Correlation between CXCR4, CXCR5 and CCR7 expression and survival outcomes in patients with clinical T1N0M0 non-small cell lung cancer

Lung Cancer

Thorac Cancer. 2020 Sep 8. doi: 10.1111/1759-7714.13645. Online ahead of print.


BACKGROUND: Lung cancer is the leading cause of cancer-related death. Even if early detection and treatment have proven to be effective, the survival outcomes are still poor.

METHODS: Tissue samples and clinicopathological data of 244 patients with clinical T1N0M0 NSCLC were collected. We investigated CXCR4, CXCR5 and CCR7 expression levels using the immunohistochemical method and analyzed their correlations with clinicopathological characteristics and survival outcomes.

RESULTS: Elevated expression levels of CXCR4, CXCR5 and CCR7 were found in tumor tissues (P < 0.001). The expression levels were remarkably different in histological type (CXCR4, P = 0.032; CXCR5, P < 0.001; CCR7, P < 0.001) and LVI (CXCR4, P = 0.017; CXCR5, P = 0.030; CCR7, P < 0.001). In addition, CXCR4 and CXCR5 expression were significantly different in tumor differentiation (CXCR4, P < 0.001; CXCR5, P < 0.001). Survival analysis showed that patients with positive CXCR4 expression had a significantly lower five-year DFS (P = 0.007) and a lower five-year OS (P = 0.010). Patients in the CXCR5 positive group had a significantly lower five-year DFS (P = 0.038) and a lower five-year OS (P = 0.220), which were statistically insignificant. However, five-year DFS and five-year OS of patients with positive CCR7 expression were significantly higher (DFS: P < 0.001; OS: P < 0.001). CXCR5 and CCR7 expression were found to be independent prognostic factors through multivariate analysis.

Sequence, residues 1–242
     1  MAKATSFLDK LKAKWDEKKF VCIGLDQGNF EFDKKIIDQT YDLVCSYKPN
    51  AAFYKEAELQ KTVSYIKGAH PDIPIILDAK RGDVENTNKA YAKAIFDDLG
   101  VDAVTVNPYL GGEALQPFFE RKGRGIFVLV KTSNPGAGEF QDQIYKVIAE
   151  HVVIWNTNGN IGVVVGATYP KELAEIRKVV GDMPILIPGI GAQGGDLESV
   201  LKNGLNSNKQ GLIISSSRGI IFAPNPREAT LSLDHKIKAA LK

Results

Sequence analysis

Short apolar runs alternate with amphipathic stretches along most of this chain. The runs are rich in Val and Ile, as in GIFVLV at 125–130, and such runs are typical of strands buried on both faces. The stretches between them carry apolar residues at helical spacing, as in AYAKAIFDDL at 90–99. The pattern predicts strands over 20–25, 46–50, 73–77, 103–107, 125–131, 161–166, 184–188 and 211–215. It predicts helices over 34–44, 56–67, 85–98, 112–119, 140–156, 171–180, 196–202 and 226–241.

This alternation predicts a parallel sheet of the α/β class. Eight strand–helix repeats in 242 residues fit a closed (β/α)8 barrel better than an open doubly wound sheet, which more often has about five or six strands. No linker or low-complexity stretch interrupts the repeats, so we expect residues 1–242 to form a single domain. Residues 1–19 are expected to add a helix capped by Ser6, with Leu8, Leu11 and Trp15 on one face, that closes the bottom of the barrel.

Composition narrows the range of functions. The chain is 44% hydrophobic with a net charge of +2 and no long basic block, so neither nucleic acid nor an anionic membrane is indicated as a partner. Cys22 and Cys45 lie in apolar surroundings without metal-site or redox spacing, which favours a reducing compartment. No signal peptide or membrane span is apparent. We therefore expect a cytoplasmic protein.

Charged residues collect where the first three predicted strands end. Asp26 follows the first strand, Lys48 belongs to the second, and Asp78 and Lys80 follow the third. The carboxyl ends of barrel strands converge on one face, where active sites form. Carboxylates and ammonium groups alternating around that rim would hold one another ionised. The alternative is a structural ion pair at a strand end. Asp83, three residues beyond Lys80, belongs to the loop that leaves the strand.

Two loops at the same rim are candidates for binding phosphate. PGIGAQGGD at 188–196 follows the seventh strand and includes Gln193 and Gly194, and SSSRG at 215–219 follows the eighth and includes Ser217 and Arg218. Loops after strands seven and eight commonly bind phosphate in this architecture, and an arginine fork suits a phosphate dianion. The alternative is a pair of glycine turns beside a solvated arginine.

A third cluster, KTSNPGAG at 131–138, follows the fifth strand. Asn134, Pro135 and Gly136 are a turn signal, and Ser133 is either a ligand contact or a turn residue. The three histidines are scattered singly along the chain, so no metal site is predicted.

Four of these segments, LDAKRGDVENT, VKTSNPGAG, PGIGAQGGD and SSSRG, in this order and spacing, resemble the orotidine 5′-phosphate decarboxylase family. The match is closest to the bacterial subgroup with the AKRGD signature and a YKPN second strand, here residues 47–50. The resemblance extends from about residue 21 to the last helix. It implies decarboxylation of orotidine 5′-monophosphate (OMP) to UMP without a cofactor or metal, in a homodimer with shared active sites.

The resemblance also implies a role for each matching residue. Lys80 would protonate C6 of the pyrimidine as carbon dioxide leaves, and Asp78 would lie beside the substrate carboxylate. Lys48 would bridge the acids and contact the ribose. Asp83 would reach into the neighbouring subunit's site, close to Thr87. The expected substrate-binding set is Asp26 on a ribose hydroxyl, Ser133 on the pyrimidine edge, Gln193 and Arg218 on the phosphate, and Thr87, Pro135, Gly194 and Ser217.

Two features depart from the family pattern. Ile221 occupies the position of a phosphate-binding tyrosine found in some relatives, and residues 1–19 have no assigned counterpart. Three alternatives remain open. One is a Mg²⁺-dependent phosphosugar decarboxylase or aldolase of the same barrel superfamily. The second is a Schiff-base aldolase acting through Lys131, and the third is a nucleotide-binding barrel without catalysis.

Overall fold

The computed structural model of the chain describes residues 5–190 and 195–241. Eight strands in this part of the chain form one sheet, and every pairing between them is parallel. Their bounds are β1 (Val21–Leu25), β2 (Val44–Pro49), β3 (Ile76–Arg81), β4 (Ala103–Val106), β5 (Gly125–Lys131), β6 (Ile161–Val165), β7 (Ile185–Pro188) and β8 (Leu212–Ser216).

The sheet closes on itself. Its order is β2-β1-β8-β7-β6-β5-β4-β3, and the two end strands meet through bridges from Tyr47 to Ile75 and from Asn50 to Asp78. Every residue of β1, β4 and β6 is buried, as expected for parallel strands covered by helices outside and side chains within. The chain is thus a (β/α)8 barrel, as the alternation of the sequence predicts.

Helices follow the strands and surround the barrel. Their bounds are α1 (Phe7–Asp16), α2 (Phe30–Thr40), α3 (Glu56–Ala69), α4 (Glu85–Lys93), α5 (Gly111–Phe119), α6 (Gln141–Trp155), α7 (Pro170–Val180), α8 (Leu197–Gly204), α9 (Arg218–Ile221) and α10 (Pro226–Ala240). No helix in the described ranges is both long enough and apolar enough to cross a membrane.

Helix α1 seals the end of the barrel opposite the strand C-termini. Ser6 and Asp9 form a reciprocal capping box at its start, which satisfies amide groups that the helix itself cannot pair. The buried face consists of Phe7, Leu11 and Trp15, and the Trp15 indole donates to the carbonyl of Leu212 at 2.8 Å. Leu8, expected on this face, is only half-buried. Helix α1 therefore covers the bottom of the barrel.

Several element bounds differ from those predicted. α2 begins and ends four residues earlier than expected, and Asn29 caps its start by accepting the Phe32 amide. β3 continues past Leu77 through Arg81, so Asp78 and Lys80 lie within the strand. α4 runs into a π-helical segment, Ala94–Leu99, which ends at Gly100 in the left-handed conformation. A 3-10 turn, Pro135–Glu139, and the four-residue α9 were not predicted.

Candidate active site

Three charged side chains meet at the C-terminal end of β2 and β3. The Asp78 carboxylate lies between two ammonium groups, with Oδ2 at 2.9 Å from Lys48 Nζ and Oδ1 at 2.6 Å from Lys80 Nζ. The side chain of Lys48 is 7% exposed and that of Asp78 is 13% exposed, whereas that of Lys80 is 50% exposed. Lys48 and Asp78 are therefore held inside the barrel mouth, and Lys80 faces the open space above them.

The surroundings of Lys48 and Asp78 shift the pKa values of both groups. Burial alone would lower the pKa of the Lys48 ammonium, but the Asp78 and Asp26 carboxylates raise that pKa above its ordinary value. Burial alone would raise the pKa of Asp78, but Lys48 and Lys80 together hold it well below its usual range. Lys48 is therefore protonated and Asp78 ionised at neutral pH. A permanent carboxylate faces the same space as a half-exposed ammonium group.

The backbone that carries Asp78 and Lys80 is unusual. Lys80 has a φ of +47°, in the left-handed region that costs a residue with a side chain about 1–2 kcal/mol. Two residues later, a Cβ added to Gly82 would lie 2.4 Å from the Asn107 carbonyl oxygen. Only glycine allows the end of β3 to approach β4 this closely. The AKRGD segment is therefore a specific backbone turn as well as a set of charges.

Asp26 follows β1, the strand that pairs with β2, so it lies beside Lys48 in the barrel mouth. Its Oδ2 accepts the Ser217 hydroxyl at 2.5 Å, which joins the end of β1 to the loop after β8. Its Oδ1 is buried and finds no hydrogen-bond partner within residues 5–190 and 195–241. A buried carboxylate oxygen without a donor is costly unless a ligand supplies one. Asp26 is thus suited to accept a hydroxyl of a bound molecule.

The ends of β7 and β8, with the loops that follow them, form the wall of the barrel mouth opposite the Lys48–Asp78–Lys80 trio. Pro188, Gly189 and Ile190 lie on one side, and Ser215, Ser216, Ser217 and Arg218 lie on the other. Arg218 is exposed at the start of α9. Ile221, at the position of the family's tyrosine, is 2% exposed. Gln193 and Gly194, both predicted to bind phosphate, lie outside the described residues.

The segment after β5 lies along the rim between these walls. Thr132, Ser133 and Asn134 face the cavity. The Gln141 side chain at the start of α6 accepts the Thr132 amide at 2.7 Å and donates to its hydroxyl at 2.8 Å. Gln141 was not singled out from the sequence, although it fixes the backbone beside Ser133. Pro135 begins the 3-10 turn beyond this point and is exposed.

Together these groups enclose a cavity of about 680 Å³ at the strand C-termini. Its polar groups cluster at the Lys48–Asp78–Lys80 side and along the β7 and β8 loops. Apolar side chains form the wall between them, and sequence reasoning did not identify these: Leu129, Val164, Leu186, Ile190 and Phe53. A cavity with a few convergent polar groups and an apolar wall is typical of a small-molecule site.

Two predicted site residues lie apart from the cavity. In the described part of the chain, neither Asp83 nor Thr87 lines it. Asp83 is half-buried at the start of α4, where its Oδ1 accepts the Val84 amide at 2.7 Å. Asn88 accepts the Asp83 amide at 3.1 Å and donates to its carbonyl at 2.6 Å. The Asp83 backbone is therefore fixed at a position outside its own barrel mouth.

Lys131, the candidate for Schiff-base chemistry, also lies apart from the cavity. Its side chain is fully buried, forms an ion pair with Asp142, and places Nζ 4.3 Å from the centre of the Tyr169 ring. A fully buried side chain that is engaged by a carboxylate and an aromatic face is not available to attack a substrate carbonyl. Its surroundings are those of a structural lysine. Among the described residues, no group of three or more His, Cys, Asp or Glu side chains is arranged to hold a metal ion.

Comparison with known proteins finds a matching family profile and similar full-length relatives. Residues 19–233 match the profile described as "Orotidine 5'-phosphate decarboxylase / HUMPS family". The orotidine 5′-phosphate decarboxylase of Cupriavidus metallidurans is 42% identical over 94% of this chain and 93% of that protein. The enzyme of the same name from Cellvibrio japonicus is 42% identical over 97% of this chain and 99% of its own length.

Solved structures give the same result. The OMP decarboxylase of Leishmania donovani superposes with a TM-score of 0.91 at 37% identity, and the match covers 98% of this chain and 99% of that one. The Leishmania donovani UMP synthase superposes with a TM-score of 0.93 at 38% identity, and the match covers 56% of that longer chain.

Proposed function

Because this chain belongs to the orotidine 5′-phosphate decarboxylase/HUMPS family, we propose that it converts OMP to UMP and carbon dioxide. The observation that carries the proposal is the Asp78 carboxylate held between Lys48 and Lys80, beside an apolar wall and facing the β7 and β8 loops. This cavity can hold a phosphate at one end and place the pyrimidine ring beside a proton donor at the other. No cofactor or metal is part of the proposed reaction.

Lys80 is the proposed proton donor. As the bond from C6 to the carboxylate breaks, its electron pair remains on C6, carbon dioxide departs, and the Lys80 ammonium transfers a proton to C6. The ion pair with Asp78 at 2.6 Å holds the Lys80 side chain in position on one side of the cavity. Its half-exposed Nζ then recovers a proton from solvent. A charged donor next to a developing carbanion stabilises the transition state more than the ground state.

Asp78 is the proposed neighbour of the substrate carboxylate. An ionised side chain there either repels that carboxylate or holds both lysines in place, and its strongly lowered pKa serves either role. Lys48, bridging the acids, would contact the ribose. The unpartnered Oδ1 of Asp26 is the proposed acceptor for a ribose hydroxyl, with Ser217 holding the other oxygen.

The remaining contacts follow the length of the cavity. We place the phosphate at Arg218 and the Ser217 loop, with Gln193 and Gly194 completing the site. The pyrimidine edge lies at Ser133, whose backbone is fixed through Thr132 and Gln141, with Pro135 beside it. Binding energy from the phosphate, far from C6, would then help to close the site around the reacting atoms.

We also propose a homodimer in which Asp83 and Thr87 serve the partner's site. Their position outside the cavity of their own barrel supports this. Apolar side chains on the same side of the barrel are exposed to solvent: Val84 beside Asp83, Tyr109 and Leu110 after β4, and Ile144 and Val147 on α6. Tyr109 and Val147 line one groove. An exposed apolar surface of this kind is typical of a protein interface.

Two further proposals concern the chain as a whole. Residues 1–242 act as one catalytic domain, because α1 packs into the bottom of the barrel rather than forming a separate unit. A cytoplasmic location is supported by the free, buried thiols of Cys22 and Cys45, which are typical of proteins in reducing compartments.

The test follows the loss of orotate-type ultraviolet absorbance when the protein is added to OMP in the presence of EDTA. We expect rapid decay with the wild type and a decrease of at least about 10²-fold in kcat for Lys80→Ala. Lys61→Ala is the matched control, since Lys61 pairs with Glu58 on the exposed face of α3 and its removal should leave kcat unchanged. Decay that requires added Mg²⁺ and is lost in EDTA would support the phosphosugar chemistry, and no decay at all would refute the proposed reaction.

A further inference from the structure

CONCLUSIONS: Expression levels of CXCR4, CXCR5 and CCR7 were significantly higher in tumor tissues, and expression of CXCR5 and CCR7 were independent prognostic factors for survival. Moreover, all three chemokines were correlated to the survival outcomes of patients with clinical T1N0M0 NSCLC, providing potential prognosticators and therapy targets for lung cancer treatment.